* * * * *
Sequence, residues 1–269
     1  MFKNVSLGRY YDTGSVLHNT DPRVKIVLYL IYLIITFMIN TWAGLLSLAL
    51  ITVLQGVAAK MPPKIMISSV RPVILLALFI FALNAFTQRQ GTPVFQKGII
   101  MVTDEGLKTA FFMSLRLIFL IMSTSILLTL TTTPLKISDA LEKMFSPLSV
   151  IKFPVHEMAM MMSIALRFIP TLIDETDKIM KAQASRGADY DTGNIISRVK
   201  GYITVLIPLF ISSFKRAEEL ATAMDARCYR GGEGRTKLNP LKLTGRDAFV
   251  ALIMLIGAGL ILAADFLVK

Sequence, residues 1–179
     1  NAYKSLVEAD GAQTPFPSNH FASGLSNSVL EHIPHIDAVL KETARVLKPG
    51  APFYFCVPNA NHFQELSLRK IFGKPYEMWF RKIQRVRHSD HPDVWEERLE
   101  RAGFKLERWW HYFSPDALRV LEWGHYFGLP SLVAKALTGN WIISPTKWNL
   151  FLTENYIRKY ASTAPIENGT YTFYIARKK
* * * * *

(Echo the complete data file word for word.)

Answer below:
Sequence, residues 1–269
     1  MFKNVSLGRY YDTGSVLHNT DPRVKIVLYL IYLIITFMIN TWAGLLSLAL
    51  ITVLQGVAAK MPPKIMISSV RPVILLALFI FALNAFTQRQ GTPVFQKGII
   101  MVTDEGLKTA FFMSLRLIFL IMSTSILLTL TTTPLKISDA LEKMFSPLSV
   151  IKFPVHEMAM MMSIALRFIP TLIDETDKIM KAQASRGADY DTGNIISRVK
   201  GYITVLIPLF ISSFKRAEEL ATAMDARCYR GGEGRTKLNP LKLTGRDAFV
   251  ALIMLIGAGL ILAADFLVK

Sequence, residues 1–179
     1  NAYKSLVEAD GAQTPFPSNH FASGLSNSVL EHIPHIDAVL KETARVLKPG
    51  APFYFCVPNA NHFQELSLRK IFGKPYEMWF RKIQRVRHSD HPDVWEERLE
   101  RAGFKLERWW HYFSPDALRV LEWGHYFGLP SLVAKALTGN WIISPTKWNL
   151  FLTENYIRKY ASTAPIENGT YTFYIARKK